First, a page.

Tahrir at One: The Revolution Lives On
By: Ruqaya Izzidien
Published Thursday, January 26, 2012
On the morning of January 25, the first anniversary of the Egyptian revolution, the streets of Cairo were eerily and uncharacteristically deserted with the exception of the iconic Tahrir Square. In the square, people of all stripes: leftists, Islamists, liberal, young, and with families, were out to renew their allegiance to a revolution still in the making.
Cairo - Thousands of people marched Wednesday from almost every district of Cairo towards Tahrir Square, coaxing those watching from their balconies above to come down to join the demonstrations.
What began as small protests, originating from districts as far away as Imbaba, Shoubra and Helwan, ended in Tahrir with a typically festive spirit. Protesters continued their customary chants, such as “Revolution, revolution until victory, revolution in every Egyptian street,” “Whoever wants change, come with us to Tahrir” and “[Attacking the] women of Egypt is a red line.”
Asma Ali marched with her husband and 11-year-old daughter, Abeer, to Tahrir from the Mostafa Mahmoud mosque in the Mohandessin district.
“We came to Tahrir to continue the revolution and to demand our rights,” Ali said. “There are many demands that the military was supposed to meet within months, and definitely by now. They need to offer us more than this that we’re living in.”
Upon arriving in Tahrir Square, Ali, like anyone wishing to enter the area, had her identification checked and bags searched by volunteers in order to keep Tahrir free of thugs and weapons. Egyptians welcomed one another with greetings associated with Eid and birthday celebrations, as well as scatters of the newly-invented greeting, “Sawra sa’ida” – Happy Revolution.
Tens of demonstrations were organized outside mosques where they began their march to Tahrir. Most marches took several hours to arrive to the square, which had been packed since the previous night.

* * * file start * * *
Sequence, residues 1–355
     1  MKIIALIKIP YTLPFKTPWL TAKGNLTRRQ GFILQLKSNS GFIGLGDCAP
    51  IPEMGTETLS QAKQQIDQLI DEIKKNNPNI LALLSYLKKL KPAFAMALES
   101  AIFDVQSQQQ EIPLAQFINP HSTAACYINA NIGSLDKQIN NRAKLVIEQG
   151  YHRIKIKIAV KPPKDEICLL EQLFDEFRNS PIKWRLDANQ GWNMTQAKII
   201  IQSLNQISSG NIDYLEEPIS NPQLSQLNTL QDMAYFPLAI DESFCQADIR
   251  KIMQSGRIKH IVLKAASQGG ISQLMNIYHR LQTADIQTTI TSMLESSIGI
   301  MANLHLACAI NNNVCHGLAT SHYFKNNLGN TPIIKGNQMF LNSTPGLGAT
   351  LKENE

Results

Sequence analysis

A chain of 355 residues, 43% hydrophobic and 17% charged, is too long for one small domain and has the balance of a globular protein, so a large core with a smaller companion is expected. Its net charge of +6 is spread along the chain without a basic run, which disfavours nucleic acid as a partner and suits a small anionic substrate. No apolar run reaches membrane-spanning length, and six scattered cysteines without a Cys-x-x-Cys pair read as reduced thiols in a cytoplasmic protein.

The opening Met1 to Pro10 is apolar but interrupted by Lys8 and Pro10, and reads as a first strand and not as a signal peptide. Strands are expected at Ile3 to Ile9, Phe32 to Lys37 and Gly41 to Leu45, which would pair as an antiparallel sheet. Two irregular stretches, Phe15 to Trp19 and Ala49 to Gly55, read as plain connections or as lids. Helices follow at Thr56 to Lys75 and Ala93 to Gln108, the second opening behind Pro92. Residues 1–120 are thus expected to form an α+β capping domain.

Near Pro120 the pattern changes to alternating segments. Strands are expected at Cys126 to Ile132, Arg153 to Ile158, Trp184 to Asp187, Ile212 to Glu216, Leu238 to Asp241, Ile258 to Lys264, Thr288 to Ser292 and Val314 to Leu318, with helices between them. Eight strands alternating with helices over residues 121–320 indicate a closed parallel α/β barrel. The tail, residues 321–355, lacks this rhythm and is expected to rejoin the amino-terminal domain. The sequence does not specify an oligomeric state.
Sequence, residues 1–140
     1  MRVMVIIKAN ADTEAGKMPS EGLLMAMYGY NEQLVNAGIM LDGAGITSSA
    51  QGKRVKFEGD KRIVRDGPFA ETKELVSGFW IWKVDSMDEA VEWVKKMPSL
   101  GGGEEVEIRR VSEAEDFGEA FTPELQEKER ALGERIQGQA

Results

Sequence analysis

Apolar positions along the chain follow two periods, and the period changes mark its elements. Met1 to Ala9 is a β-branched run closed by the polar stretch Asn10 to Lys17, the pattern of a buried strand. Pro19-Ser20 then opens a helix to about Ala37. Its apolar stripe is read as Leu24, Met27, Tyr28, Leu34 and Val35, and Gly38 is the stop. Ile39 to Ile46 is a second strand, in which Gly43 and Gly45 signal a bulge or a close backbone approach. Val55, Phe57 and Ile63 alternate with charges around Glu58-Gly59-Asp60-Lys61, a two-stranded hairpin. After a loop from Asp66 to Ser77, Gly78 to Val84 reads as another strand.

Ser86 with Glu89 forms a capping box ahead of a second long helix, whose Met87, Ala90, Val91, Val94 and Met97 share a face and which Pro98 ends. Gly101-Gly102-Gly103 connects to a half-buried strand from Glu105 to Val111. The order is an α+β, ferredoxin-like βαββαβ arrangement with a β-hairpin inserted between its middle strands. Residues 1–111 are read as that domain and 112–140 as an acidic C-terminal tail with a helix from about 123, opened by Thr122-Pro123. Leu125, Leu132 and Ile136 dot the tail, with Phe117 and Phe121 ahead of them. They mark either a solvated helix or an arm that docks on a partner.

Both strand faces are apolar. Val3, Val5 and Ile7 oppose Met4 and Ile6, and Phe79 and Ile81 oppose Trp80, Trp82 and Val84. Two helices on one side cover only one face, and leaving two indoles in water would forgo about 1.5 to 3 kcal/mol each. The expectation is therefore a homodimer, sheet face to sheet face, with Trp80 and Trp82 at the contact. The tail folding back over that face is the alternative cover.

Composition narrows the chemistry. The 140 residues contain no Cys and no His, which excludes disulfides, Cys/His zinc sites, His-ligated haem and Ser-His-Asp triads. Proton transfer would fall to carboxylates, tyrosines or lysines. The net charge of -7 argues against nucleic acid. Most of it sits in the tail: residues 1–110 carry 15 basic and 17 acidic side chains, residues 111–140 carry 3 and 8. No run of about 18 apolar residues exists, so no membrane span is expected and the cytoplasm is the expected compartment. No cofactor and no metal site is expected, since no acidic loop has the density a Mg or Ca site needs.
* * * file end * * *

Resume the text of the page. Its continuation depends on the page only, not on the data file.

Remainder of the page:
Mohammed Samir, 26, arrived in Cairo from his hometown of Port Said two days ago, determined to commemorate in the capital.
“I came because I can’t see that anything has changed over this last year,” Samir explained. “The military spent 30 years at Hosni Mubarak’s side. They play no cleaner than he did. They haven’t changed anything.”
Samir voted, but he doesn’t hold much faith in the democratic process, “This was supposed to be a revolution. In a revolution you go down and take the streets for yourself, you don’t wait for power to be handed to you on a plate. The military is never going to fully hand over power.”
Ali agrees that little has changed since the military took control, but hopes that they will hand over power. “They should hand over power as soon as possible. We now have the People’s Assembly poised to rule once they are given the chance and at the very least we need a president.” She believes that Egyptians should continue to put pressure on the military junta, “We’re not going to sit in our homes. For the last year, our protests have been peaceful and we hope they will continue that way but we’re not afraid of clashes. People have died and been injured, but we still demand our rights and we will continue to do so.”